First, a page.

Makhachev could also be proactive, and try to force Makhachev out of office. Makhachev is not a nail, but a hammer. His grappling game heavily relies on him being on top and smothering offense, and the two times we’ve actually seen him get taken down inside the octagon, he almost immediately gave up his back to stand up again. This is a habit that can work until it fails. Oliveira could force Makhachev to takedown, then leap to his back to get away, which would be the end of the fight.

UFC Fight Night: Makhachev v Green

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Paths to victory for Islam Makhachev at UFC 280

If Charles Oliveira presents a violence math problem, Islam Makhachev is Isaac Newton (or Gottfried Leibniz, if you prefer). The man does not alter violence math, he simply solves it.

Makhachev won by doing exactly the same thing Khabib Nurmagomedov did: smothering offense and closing down any counterattack. Then, he ended his opponents as there was no other outcome. He almost never gets hit on the feet (except that one time, the black mark separating him from Khabib-like immortality), his wrestling is unstoppable, and his grappling seems even more so. His finishes do not come as a violent exclamation point, but as a merciful ellipsis … and thus Makhachev wins, because of course he does. It’s why people think of him as boring despite the fact that seven of his 11 UFC wins are finishes. It is unavoidable.

And to beat Oliveira, that’s all he needs to be. Oliveira is an incredibly dangerous offensive fighter but lacks a lot defensively, so Makhachev needs to mind his Ps and Qs defensively and follow Father’s Plan by taking Oliveira down and beating him up. Less talented fighters have had success on the floor with Oliveira — Kevin Lee was winning until he gassed out and fell into a guillotine, and Paul Felder nearly killed him with elbows. Makhachev can and should do the same, especially as the fight drags on. Oliveira’s danger is greatest in the first round. However, he gets less dangerous as the fight progresses. Avoiding the danger early, dragging Oliveira into deep waters, and smashing his way to victory as the former champion tires should lead him to a UFC title.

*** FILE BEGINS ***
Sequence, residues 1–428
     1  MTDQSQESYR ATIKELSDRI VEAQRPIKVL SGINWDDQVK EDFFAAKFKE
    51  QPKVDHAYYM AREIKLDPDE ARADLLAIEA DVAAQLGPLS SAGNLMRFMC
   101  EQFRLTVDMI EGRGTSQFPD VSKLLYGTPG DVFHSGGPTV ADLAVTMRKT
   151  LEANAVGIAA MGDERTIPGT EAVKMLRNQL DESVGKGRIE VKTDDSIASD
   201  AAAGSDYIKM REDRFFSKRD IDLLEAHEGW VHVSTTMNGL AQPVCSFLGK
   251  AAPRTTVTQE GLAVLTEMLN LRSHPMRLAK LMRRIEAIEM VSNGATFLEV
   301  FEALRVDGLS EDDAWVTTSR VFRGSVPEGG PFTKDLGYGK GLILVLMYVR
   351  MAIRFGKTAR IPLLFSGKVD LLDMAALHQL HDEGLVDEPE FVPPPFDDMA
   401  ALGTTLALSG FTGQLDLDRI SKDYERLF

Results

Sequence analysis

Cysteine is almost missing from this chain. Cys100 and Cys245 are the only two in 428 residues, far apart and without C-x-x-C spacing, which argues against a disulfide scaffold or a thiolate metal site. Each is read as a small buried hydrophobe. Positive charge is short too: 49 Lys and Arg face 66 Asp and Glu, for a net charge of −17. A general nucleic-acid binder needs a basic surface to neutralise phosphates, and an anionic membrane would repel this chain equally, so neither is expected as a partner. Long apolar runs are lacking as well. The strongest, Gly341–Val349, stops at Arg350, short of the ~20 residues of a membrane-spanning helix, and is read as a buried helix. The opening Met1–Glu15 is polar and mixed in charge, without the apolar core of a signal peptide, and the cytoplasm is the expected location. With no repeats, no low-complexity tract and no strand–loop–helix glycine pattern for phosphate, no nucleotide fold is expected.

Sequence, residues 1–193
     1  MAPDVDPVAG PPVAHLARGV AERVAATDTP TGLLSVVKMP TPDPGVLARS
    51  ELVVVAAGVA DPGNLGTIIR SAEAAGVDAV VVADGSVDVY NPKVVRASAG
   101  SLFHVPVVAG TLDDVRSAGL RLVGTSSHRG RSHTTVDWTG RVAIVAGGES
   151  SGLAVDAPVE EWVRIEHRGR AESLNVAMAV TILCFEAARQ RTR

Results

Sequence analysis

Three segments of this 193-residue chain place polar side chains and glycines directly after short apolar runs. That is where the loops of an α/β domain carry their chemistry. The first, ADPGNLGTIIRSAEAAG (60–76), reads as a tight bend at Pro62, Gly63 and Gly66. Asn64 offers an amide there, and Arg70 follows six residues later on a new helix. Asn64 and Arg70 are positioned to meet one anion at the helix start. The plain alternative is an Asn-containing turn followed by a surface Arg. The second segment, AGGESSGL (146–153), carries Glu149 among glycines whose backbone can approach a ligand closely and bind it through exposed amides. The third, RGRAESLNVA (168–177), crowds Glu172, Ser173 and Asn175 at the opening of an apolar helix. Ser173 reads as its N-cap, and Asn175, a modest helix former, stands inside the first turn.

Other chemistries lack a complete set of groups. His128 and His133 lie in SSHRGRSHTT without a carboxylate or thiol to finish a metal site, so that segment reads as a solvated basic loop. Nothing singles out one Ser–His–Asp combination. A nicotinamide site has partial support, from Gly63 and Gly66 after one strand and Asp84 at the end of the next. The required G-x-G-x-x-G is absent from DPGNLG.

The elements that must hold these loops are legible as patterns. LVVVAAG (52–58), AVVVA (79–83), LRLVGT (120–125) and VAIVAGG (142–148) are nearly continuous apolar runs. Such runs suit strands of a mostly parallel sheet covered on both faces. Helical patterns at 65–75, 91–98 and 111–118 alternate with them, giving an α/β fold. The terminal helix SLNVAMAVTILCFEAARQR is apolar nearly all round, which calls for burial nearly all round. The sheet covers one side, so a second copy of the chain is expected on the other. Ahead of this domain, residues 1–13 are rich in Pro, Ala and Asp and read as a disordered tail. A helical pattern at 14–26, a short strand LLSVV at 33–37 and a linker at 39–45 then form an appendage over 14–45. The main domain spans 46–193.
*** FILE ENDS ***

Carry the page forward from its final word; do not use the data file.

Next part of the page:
Oliveira’s run was remarkable. But, I can think of no better matchup than Makhachev. Islam is competitive on the feet and a huge problem on the floor, with no fear of engaging there. Paul Felder is an excellent G. I don’t mean to disrespect him, but Makhachev could roll with Oliveira without getting tapped. Oliveira may make this fun to start, but he’s not a good enough wrestler to keep it standing and Makhachev is too good to submit, so this will slowly slip away from him. It will move quickly once it gets going. This is what happens for all who face “The Next Khabib .”


Islam Makhachev def. Charles Oliveira by TKO (punches) at 2:24 of Round 4.